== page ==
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PLATE 8. Building the head out of pieces

If we think of the head as made wp of separate pieces fitted together, we find the pieces shaped and put together as thev appear in the drawings in the top row. Note the rounded piece which would contain the lips. We refer to this part of the skull as the "muzzle." In drawing the mouth we must make it fit around the curve of the upper and lower jaws and the front teeth. Too often the mouth is drawn as if it were flat against a flat surface. In the bottom row the three drawings at the left show the lips and the structure under them. The eye must also lie in its socket, as shown at the right. The eyelids operate much like the lips in closing over a rounded surface.

Wc Ix'gan by considering the head as round. This is logical, l>ccausc it is much more round than square. However, one of the later discoveries in art was the fact that incessant roundness can become almost lx>ring, ami that a combination of roundness with squareness can produce a vigor of execution which many of the old masters lacked. The effect of roundness tends toward the "slieknCNs" so frowned upon by modern artists and critics. Although the roundness exists, as photographs show, this type of rendition never seems to have the vigor of a drawing or painting in which the planes are stressed. For this reason a photograph of a head can never hope to compctc with a good drawing as far as vitality of execution is concerned. It seems to me that the ideal lies somewhere between the two extremes. A drawing that is too square can look as if it were chiseled out of wood or stone, with more hardness than the subject warrants. On the other hand, a drawing that is too round mav have so much sweetness and smoothness that it seems to have no structure at all beneath the surface; everything is polished and shiny. Of the two, I prefer too much character to too little. Artists have found that by squaring the planes, softening them only enough to relieve their broken-stone effect, they achieve solidity and vitality without going to extremes. It also has been discovered that flattened planes tend to merge into an effect of mere roundness at a distance. When you inspect a projection on a large screen from close up, it is surprising how flat the image is. However, if you step back, this flatness disappears and the full roundness seems to take over. The truth is that the halftones which model a surface are really much more delicate than they appear to be, and this truth has been a boon to painters.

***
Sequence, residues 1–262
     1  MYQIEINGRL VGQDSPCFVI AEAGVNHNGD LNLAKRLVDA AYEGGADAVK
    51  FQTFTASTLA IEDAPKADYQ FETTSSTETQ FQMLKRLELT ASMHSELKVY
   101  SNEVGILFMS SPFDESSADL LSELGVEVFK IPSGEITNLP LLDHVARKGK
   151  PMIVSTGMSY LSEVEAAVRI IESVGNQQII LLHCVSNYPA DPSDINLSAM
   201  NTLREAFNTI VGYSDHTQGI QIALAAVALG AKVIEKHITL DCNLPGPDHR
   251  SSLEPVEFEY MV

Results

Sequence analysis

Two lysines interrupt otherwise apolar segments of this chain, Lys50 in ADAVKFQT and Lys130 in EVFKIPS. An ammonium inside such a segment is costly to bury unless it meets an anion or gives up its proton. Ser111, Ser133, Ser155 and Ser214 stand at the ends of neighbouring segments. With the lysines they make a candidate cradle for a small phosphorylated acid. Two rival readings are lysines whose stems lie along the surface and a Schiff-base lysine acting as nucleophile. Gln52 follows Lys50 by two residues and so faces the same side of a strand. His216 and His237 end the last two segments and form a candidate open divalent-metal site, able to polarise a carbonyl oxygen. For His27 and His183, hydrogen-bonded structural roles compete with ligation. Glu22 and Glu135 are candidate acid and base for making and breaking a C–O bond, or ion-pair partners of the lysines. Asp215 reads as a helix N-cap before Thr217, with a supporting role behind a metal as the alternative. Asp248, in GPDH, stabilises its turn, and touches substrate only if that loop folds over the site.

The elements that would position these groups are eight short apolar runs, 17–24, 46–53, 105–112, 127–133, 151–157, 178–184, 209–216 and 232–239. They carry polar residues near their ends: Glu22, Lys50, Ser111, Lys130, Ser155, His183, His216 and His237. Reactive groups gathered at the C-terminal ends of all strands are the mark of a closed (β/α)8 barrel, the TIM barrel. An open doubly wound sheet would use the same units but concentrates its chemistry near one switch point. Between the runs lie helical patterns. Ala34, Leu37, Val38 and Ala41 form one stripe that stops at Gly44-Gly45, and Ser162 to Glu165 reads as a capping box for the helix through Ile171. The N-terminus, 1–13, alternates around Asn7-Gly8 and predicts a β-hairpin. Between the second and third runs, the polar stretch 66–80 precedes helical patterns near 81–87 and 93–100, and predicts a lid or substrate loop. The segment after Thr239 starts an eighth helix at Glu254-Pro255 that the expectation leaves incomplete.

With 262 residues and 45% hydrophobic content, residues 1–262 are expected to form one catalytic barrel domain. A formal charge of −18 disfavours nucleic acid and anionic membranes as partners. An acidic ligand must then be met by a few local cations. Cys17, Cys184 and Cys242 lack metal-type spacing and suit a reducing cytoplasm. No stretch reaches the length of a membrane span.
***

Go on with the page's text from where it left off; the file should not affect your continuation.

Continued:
For the time being, however, let us draw the planes as we feel they would really lie on the

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